Why Encouraging The Population Of China
To Import Gold Makes Sense
Hugo Salinas PriceThe big news in gold is that there are signs that the Chinese government is now inviting the Chinese to buy gold and silver.
Some good reasons for China to favor gold purchases by its population:
China has trade surpluses which bring in unwanted additional amounts of foreign currencies and swell China's already enormous Reserves.
The Chinese are well aware that the foreign currencies with which their exports are paid, are only fiat money payments and that the Reserves to which they give rise are nothing more than shaky investments whose value is at risk - 60 to 70% of China's Reserves are dollars which are being savagely debased and the euro is not in much better condition.
At the same time, China does not want to undermine its present industry with a revaluation of the Yuan, in order to make its products more expensive in the foreign markets and stem the inflow of foreign currencies by slowing down exports. It absolutely must keep its factories running in order to provide desperately needed employment for millions of Chinese.
China is also averse to importing manufactured goods. It wants to do the manufacturing itself; revaluing the Yuan to make imports more affordable or bringing down trade barriers are not policies it wants to implement.
But importing gold - that's another matter!
If the Chinese population goes in for importing gold, here are some of the benefits: China's favorable trade balance will contract. China's government likes that - it means less accumulation of unwanted Reserves.
Chinese manufacturing will be untouched by the competition of foreign made goods no matter how much gold comes into China.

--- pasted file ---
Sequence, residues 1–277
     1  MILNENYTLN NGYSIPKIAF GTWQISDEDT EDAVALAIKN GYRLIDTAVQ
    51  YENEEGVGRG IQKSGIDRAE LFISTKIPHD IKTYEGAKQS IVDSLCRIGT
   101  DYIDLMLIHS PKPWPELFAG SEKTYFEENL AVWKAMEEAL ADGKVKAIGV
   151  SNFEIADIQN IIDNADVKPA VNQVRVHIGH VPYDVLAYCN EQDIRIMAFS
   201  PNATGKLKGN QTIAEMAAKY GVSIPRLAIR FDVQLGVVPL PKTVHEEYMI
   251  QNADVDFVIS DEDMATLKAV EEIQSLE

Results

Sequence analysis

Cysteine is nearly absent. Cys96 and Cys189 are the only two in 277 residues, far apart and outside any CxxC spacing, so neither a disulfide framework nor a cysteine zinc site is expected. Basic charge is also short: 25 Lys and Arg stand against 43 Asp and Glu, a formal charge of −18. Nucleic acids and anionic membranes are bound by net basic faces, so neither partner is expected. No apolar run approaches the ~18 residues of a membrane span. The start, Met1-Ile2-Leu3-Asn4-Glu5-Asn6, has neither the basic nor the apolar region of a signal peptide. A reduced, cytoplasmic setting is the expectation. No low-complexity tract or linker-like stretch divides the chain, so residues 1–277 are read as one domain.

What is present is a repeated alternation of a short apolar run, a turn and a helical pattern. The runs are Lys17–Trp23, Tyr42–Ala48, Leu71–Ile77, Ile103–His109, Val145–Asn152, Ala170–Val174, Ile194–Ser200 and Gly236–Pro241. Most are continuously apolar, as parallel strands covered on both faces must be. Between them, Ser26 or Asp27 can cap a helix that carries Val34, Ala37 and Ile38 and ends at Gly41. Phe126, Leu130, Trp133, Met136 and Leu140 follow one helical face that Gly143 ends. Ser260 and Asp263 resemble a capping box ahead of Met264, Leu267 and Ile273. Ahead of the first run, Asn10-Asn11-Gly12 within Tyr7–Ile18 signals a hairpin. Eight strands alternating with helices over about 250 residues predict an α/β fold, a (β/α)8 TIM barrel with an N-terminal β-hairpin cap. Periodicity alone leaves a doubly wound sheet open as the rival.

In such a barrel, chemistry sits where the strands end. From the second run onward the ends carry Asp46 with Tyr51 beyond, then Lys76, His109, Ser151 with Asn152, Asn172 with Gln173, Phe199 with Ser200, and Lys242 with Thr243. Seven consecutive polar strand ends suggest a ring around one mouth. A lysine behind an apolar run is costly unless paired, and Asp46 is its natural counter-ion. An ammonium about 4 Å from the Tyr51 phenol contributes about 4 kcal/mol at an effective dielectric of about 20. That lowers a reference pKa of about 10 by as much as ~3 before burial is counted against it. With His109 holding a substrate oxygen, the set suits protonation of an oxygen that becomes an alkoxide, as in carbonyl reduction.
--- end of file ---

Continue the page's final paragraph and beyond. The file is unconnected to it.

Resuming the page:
As China's persistent favorable trade balance diminishes, the world will have less reason to complain about an undervalued Yuan. However, China's exports will continue to thrive because China will leave its exchange rate untouched.
Politically, the Chinese government cannot easily go into the gold market directly to turn its Reserves into gold. This would be considered hostile behavior by the U.S. Government, as undermining the dollar. However, if the people of China go ahead and buy massive amounts of gold and drive the price skyward, the Chinese government can just shrug its shoulders and say, "Sorry, it's the people who are buying, not us. There is nothing we can do about it."
Driving the price of gold to the moon does not mean that the dollar, in which that price is expressed, will be devalued all by itself. A rising price of gold means that all the currencies of the world, including the Yuan, are going down in value, not just the dollar.
Adrian Ash, in his article "Galloping Consumption", at "The Bullion Vault" on August 26, 2009, adds one more reason, given by the McKinsey consultants:
The Chinese have to rely on personal savings for their retirement; they have no social "safety net" to protect them, either Social Security or Pension Plans. This need to provide for the future is very naturally holding back consumption, and China needs a consuming public to absorb production from its factories, which are feeling the slow-down in the rest of the world.
Allowing the Chinese to gorge themselves on gold and build up their savings is the best way to prepare China for future consumption of its own production.
Hugo Salinas Price, President
Asociación Cívica Mexicana Pro Plata, A.C.
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